Fundable Acquires Clarity

When I started Clarity my plan was to never sell. I wanted to work on Clarity for the rest of my life. I also had a simple mission to guide us.

Have a positive impact on a billion people by 2022.

Well…

Plans are made to be broken – visions are not!

Today I’m super excited to announce that Clarity has been acquired by Fundable.com to become part of Startups.co – the world largest startup launch platform.

Not only have they acquired Clarity, but they’re also announcing the launch of a new parent brand that will act as the worlds largest startup launch platform in the world: Startups.co

The new Startups.co platform is HUGE!

  • 825,000 registered startups
  • 13.6 million backers, followers and investors
  • $150 million in committed funding

This growing community will only catapult our vision for Clarity – to help entrepreneur start and growth their business.

Wil Schroter is the Founder & CEO of Fundable/Startups.co and is a badass entrepreneur. He not only shares my passion for building companies, he also has a long track record of supporting entrepreneurs in a big way.

Over the past few months we’ve gotten to spend a lot of time together and he’s someone that I admire deeply.

But What About a Billion People Impacted by 2022?

When I started the company I had one mission: to have a positive impact on a billion people by 2022 by helping entrepreneurs create big and meaningful companies all over the world.

My thinking was that if I help founders create bigger companies by connecting them to existing entrepreneurs for advice that they would, in turn, create a better world for everyone to live in.

It’s a mission that will only be accelerated by this acquisition. The newly created Startups.co brand will have a much broader footprint than Clarity, and will allow the combined companies to have the biggest impact.

What Does This Mean For Clarity?

Great question. From a product point of view, Clarity will remain a destination site and continue to provide the service we’ve offered to date. Going forward we’ll be integrating Clarity into the other Startup.co services (Fundable, LaunchRock, StartupPlays, etc).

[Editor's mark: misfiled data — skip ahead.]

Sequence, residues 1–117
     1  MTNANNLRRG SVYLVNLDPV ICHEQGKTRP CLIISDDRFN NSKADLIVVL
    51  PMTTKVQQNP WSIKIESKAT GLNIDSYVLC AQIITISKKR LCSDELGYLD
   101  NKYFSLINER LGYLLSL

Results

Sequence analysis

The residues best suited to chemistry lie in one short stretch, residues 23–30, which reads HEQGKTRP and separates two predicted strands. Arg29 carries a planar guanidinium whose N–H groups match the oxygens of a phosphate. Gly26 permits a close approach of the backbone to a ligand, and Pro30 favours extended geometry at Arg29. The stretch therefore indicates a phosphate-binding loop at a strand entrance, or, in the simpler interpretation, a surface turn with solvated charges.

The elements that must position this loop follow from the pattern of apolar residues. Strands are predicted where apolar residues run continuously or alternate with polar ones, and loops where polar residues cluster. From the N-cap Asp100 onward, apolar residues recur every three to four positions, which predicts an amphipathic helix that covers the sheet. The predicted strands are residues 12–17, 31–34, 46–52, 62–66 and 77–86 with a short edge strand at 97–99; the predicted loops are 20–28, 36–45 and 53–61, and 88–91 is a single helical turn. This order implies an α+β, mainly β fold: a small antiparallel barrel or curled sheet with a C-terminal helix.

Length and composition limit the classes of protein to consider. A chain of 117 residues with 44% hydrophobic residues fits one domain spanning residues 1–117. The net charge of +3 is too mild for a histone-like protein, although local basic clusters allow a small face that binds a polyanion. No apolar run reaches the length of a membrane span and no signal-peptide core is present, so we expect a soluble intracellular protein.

On that note, anytime I’ve shared this news in private, two questions immediately gets asked.

1) What’s going to happen with all the time I invested in Clarity?

Clarity is going to grow and be integrated into all the other products at the newly launched brand Startups.co. If you take Fundable.com – a marketplace for entrepreneurs to crowdfund their capital – it only makes sense for them to have access to experts on the topic?

That’s where Clarity comes into play. Each product offered under the Startups.co brand will have a Clarity service embeded within them.

Just look at the numbers, they’re HUGE.
http://startups.co/about

2) Are you staying with the company?

Yes. I’m staying on as an advisor.

I’ve got a HUGE vested interested in seeing Clarity prosper and grow and even though we officially closed on the transaction back in December, I continue to stay extremely engaged with the teams to ensure the vision gets executed on and the transition was seamless.

We built an amazing community of experts and members at Clarity and I don’t take that for granted. My email will remain active and you can ping anytime if you have questions or challenges.

Can’t’ Say “Thank You” Enough

I can’t tell you how honoured I am for the chance to work with everyone at Clarity to build what we have.

Seriously.

Everyday I woke up to bring a dream to light and so many people helped me create that.

I will forever be in your debt.

The thing I’m most proud of is the number of entrepreneurs that we’ve been able to help from all over the world.

I also want to personally thank all our amazing investors, advisors and the family members who supported the people who gave so much to Clarity.

I’m sure they stood by waiting while they finished up a call or responded to a request in the middle of dinner – I know I did – and it means a lot.

I believe entrepreneurship is one of the biggest gifts we can give ourself as it forces us to grow as a person and this company was no different.